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While finishing this dissertation, I had the immense pleasure of working on a collective intellectual and curatorial project that greatly enriched my thinking and writing, the series and art exhibition at New College and the Justina M. I wish to dedicate this thesis to my closest collaborators of this past year: Hillina Seife, Tejpal S. Thank you, once more, for your inspiring friendship and peerless intellectual Table of Contents Introduction Racial Consciousness and the Boundaries of Diaspora 2Organization and Chapter Summaries 6Sources, Language, and Racial Terminology 12Chapter I Political Economy, Stereotype, and Urban Space Introduction 20The Intersection of Space and Stereotype 25Stages of Urbanization 33Grey Street and the “Indian” Store 39Landlords and Housing 44Sites Moving through Space: Buses 48Other Sites: Bioscopes and Employers 52Relationships and the Complexities of the Everyday 58Chapter II African Nationalism and the Indian Diaspora, 1945-1949 Introduction 62Post-War Changes in the ANC and Indian Congresses 67The NEUM, Xuma, and the Communist Party 74The Passive Resistance Campaign and the United Nations 79The Xuma-Dadoo-Naicker Pact 85Backlash in the Natal ANC: The Ambiguities of Dependence 89Backlash in the ANC: African Nationalism 94Conclusion: An Irresolute Culmination 102Chapter III The 1949 Anti-Indian Pogrom and the Crisis in the Natal ANC Introduction 106India on the World’s Stage 111The 1949 Anti-Indian Pogrom 116Initial Responses 123The Debate between 128The Crisis in the Natal ANC 135The Vicissitudes of A. Indeed the retail trade in native goods is almost wholly in their hands, to the chagrin and grief of European merchants.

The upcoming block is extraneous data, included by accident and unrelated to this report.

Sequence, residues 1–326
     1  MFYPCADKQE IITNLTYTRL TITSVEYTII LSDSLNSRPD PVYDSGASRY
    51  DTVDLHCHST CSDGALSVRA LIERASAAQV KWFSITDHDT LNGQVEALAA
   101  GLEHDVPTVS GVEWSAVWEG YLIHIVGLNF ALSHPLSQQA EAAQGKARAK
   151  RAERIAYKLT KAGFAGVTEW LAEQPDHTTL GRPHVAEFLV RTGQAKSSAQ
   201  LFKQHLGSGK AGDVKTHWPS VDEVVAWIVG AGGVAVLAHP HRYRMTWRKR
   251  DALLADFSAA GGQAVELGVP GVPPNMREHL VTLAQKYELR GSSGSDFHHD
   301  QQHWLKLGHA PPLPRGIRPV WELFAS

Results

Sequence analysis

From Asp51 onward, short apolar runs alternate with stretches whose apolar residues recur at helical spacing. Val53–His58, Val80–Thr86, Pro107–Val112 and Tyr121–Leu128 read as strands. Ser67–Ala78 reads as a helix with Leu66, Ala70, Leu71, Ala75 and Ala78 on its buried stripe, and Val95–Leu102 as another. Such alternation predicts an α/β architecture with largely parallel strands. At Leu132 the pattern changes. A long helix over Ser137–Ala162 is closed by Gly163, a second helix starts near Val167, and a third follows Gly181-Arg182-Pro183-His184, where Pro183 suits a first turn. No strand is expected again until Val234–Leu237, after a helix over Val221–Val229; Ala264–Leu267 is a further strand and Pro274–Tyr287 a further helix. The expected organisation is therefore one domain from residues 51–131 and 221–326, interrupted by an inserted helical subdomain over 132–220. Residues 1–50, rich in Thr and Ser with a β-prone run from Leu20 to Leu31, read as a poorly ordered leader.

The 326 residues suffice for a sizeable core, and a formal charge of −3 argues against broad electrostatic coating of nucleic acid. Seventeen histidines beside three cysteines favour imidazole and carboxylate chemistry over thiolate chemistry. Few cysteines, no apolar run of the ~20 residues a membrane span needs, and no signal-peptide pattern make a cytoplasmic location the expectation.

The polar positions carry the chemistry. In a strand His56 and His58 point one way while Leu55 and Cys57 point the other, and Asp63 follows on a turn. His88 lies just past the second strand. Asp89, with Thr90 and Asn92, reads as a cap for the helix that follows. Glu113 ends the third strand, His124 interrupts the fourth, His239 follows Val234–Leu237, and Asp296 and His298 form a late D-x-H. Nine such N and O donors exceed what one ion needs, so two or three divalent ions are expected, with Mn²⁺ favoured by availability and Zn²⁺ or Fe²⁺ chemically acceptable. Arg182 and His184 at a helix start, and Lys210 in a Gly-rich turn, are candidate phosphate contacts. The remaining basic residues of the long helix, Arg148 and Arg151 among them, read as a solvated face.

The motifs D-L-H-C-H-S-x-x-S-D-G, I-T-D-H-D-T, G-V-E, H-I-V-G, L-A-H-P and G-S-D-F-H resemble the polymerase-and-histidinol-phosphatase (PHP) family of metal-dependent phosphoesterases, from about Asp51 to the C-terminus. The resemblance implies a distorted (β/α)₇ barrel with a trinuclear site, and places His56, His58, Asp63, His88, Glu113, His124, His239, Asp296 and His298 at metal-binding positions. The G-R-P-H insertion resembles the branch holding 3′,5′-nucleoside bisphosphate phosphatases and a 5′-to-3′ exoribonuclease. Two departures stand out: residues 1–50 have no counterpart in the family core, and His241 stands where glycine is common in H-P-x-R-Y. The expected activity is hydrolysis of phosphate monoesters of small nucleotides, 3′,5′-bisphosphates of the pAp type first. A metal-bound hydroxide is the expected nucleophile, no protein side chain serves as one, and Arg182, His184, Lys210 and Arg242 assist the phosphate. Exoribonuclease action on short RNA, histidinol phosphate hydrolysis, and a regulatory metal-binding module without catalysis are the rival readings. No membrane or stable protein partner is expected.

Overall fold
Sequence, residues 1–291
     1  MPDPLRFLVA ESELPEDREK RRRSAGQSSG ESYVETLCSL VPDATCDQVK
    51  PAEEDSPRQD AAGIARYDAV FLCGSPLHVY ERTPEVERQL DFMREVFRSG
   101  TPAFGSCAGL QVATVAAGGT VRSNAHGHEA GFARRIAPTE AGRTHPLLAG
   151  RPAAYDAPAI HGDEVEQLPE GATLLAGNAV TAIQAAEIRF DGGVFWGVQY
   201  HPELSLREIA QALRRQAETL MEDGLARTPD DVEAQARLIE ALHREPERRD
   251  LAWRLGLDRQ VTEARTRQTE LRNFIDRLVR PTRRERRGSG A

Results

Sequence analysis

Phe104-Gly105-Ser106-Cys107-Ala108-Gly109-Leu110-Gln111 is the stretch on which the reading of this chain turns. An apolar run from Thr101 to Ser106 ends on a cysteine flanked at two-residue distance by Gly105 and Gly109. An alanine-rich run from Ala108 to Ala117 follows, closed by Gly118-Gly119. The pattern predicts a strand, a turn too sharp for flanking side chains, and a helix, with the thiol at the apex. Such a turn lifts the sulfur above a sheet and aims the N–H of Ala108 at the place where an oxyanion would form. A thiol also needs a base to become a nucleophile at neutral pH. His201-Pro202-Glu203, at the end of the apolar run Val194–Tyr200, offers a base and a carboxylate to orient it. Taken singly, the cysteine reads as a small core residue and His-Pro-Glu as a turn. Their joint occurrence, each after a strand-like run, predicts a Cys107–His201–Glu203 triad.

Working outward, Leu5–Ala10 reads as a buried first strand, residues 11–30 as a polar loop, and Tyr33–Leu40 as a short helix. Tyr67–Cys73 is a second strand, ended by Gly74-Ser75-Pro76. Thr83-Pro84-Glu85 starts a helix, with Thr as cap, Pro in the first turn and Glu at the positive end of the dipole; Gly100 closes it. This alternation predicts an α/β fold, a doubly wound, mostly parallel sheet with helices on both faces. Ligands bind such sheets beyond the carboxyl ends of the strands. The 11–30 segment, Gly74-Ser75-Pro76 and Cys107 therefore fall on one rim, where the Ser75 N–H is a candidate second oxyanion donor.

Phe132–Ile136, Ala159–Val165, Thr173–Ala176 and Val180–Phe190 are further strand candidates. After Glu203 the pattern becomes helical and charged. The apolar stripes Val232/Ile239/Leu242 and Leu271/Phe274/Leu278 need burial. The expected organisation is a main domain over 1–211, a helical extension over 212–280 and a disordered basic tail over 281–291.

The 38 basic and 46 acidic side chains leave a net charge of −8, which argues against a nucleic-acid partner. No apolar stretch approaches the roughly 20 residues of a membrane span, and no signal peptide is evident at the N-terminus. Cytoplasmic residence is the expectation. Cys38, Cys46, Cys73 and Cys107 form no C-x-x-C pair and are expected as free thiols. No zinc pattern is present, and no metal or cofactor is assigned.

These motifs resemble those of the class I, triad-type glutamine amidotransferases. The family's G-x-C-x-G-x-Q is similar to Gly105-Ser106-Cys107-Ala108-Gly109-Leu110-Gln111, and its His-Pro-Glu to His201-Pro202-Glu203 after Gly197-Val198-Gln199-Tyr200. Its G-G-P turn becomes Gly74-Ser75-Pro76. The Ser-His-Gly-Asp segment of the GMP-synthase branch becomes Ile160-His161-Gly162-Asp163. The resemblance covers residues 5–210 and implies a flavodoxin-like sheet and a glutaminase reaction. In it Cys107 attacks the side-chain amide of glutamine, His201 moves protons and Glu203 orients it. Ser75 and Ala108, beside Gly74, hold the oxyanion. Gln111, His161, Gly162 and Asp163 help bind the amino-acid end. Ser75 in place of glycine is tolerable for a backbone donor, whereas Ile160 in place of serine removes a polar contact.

Both Arabs and Indians are regarded by many as a curse, but how to get rid of them is a question.

As a result, Natal’s African/Indian racial dynamic plays, at most, a secondary role in most scholarship on the region.

Thus there will be an Asiatic as well as African problem to be settled some day in this part of the world.2””Josephine Hadebe, Domestic Worker, Durban, 1981.

The origins of Natal’s distinct racial politics lie, ultimately, in its 19th century history as a British settler colony on the southeastern edge of the Indian Ocean.3 In the early decades of European presence, the still formidable armies of the Zulu kingdom provided a significant check on military expansion and most Africans within the colony maintained access to arable land.

Kate Elizabeth Creasey, my incredible and dedicated partner, was an endless source of resilience, critical feedback, and practical assistance.

I would like to express my gratitude to the staffs at the University of Chicago Special Collections Research Center; the William Cullen Library at University of the Witwatersrand; and the Killie Campbell Africana Library, Durban.

Beginning in the 1940s, tumultuous debates among black intellectuals over the place of the Indian diaspora in Africa played a central role in the emergence of new and antagonistic conceptualizations of a South African nation.

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